Joe Goffman is coming to terms with the fact that he just might be an asshole. He is forced to return to his hometown of Bush Falls, when his father has a stroke. His homecoming is slightly complicated by the fact that during his 17 year absence, he wrote a bestselling novel bashing the town and everyone in it. Oh yeah and then the book was turned into a movie… Needless to say the town isn’t too happy to see him. On the upside, Joe’s return home reconnects him with his best friend from high scho ...more
Ella Burakowski
Jonathan Tropper’s ability to make you feel like his best friend is what makes his books so enjoyable. His writing is easy, believable and natural.

The protagonist Joe Goffman had a difficult time in high school. He was seen as a loser and his friends were no better. There were three important people in his life back then, Carly, the girl he loved, Wayne and Sammy, his two best friends who went through their own hell. Joe’s tumultuous high school years left him angry and bitter.

After high school,
Nina (The Bookish Confections)
I've been reading a lot of YA/NA novels lately so I decided to go for an adult one this day. So I picked this up. Little did I know that it was like a YA/NA novel inside an adult novel.

I like Jonathan Tropper's This Is Where I Leave You. Despite its many vulgar words, it's a good one. Yes, many vulgar words, sexual content. A lot of profanities. So I wasn't surprised when The Book of Joe also contains those things. Honestly speaking, I found a LOT of similarities between the two.

But the thing
Ismail Elshareef
I truly enjoyed this fast-paced, big-hearted, sharp-witted, heartbreaking belated coming-of-age story by Jonathan Tropper. It was so enjoyable and uplifting that it made me rush out to get How to Talk to a Widower (Bantam Discovery) which I'm equally enjoying right now.

This is what made this book so enjoyable to me:

1. Easy/Fast Read - The narrator speaks in a familiar, sharp-witted voice that makes it so easy to sail through his prose. I found myself relate to the protagonist's personality and
Todd Carper
Jonathan Tropper is my new favorite author. I have also read "This is Where I Leave You" and I thought it was outstanding and "The Book of Joe" is even better. It is basically a coming of age story of a 34 year old man. Tropper really does a good job of writing stories that seem true to the male psyche. I have read a lot of reviews on this book and they are almost all positive, but they miss the biggest point of the book. It is a hilarious book with some heart breaking moments that will lead you ...more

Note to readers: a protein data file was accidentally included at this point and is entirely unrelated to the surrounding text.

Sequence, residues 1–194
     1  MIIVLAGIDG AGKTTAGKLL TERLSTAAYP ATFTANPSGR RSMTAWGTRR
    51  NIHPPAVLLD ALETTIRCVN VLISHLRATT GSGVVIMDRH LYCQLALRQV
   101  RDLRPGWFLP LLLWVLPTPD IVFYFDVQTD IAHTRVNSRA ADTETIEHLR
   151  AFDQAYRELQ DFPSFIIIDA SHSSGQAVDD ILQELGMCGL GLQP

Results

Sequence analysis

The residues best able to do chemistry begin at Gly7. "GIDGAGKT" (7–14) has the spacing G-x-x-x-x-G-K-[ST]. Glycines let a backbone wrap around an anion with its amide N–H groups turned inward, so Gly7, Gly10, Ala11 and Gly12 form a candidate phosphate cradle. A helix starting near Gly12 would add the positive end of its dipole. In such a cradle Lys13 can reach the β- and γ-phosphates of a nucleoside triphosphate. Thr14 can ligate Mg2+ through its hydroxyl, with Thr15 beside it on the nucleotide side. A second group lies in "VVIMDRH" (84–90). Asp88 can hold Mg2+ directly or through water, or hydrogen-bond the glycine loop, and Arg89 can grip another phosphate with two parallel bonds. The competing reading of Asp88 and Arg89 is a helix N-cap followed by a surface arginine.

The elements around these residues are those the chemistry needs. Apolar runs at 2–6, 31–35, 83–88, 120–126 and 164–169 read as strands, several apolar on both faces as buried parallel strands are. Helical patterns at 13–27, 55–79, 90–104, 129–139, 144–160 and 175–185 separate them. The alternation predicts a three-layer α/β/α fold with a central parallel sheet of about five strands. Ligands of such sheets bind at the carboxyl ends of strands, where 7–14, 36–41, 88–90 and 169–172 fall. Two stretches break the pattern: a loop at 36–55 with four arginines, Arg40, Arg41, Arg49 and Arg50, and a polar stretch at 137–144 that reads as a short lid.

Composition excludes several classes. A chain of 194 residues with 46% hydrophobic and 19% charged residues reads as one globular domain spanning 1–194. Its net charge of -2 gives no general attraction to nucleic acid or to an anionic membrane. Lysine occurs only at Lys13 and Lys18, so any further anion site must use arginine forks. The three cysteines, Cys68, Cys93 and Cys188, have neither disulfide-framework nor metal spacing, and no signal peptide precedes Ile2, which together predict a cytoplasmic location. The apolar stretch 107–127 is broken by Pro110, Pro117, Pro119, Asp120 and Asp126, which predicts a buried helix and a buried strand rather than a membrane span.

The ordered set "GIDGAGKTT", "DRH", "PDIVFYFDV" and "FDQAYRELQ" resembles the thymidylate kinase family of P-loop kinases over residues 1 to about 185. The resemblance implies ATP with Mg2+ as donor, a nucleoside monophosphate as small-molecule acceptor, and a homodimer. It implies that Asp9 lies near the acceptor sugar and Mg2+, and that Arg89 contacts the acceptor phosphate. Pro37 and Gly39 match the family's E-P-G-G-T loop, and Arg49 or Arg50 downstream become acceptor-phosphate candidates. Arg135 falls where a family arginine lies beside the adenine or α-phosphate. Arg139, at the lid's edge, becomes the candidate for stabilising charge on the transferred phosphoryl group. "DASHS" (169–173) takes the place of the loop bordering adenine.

Dani Peloquin
The Book of Joe is described by one reviewer as "a coming of year 34 year old tale" and I have to agree. However, this is not a bad thing! The story is about a man named Joe who writes a scathing book about the town in which he was raised. In his novel, he addresses how poorly everyone treated him and his friends. He also chronicles how the basketball team and its coach run the town while preaching conformity and intolerance. When Joe's father falls into a coma during a basketball alumni game, J ...more
Elizabeth A
I participated in the BOTNS Secret Santa game last December, and this is one of the books I got from my elf (aka Lil). This was one of her fave books for the year, and I can see why. I was hooked the moment I started reading it.

So imagine that you are a teenage boy growing up in small town America, and not only do you have no friends, let alone a way to get laid, but your mother kills herself, and you cannot find common ground with your father or older brother. Your final year of high school th
First off, this was a difficult book to rate. On the plus side, it made me laugh; it made me cry. I was caught up in the character's lives and cared about them. The author has a winning and simple way with prose. The negatives are what made me downrate it so much. Aside from the main character's intense self-pity that we're hammered over the head with, I had trouble suspending my disbelief for his best friend, Wayne, who deserved a much fresher and more thoughtful approach. Wayne is one of two g ...more